- Target Nipples When my son was just 6 months old, we brought him to Italy for the first time, and I was still breast feeding. He latched on well at the start of the flight, but then a baby next to us began wailing. He wouldn’t stop. So, my son quit and would only take the bottle for the remaining trip, which was long (about 12 hours). I didn’t think to pump milk or bring any of my equipment with me in flight. Sure enough, I exited the plane in Naples and arrived in Ischia with soaking wet nipples. The milk seeped through my nursing bra and T-shirt, and it looked like I had two giant targets on my chest. My mother-in-law found it hilarious. “You walked around the airport like that, ha ha ha,” she said. Yeah, ha ha ha.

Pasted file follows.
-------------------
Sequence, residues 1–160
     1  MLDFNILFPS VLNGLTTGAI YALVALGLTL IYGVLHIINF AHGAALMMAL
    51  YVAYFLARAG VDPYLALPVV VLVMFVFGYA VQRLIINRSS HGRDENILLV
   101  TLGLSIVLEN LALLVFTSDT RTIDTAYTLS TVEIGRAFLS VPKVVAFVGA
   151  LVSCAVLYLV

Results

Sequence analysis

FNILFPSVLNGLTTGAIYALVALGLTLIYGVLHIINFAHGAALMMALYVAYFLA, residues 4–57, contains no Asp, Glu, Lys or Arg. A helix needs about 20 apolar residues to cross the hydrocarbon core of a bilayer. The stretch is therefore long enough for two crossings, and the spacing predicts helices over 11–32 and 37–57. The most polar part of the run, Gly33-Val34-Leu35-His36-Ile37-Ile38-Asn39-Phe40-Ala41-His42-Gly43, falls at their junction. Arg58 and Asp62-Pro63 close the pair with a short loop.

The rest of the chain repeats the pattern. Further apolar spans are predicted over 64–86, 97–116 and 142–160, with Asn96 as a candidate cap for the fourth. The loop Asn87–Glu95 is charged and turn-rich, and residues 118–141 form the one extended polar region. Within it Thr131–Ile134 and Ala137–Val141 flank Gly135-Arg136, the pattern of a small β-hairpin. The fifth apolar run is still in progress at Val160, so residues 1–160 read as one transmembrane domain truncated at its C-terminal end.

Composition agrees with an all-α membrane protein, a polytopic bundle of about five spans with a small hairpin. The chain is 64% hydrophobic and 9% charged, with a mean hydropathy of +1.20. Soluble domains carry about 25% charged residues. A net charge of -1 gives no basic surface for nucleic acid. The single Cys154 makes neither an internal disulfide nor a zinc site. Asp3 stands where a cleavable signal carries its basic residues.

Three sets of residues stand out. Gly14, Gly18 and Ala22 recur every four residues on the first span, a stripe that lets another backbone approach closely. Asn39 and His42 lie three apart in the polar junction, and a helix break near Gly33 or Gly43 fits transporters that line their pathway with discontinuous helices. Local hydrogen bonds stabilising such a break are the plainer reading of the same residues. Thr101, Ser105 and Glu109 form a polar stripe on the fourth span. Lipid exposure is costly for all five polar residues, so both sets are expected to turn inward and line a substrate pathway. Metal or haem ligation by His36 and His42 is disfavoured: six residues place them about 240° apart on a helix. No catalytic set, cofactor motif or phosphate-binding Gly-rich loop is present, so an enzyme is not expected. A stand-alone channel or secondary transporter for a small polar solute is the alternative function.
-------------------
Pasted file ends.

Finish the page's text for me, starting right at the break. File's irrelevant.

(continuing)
- Poopie Head Nowadays, my son thinks he’s a poet, and he will sometimes say, “Mommy has poop hair.” He might be onto something. During that first trip to Italy, he became ill and had diarrhea for 40 days. It was terrifying. The first few times, the excrement was extreme. Poop bombs would blast out of his little bottom. I carried him covered in the stuff from our room to the bigger tub in my mother-in-law’s part of the house. After he was all cleaned up, my husband and I were sitting at our kitchen table talking about what to do about our poor baby. He kept saying, “I still smell poop.” I said, “The baby is clean now. What are you talking about?” Then, he came closer to me. I thought he wanted to kiss or hug me, especially after I endured a difficult day. Instead, he sniffed. He jumped back and shouted, “You have poop in your hair!” In fact, I had a large clump of baby poop right on the top of my head. I didn’t even notice. No kisses for me. Clearly, my son is right. My hair is poop colored if nothing else. And that’s dangerous when you have a wee baby.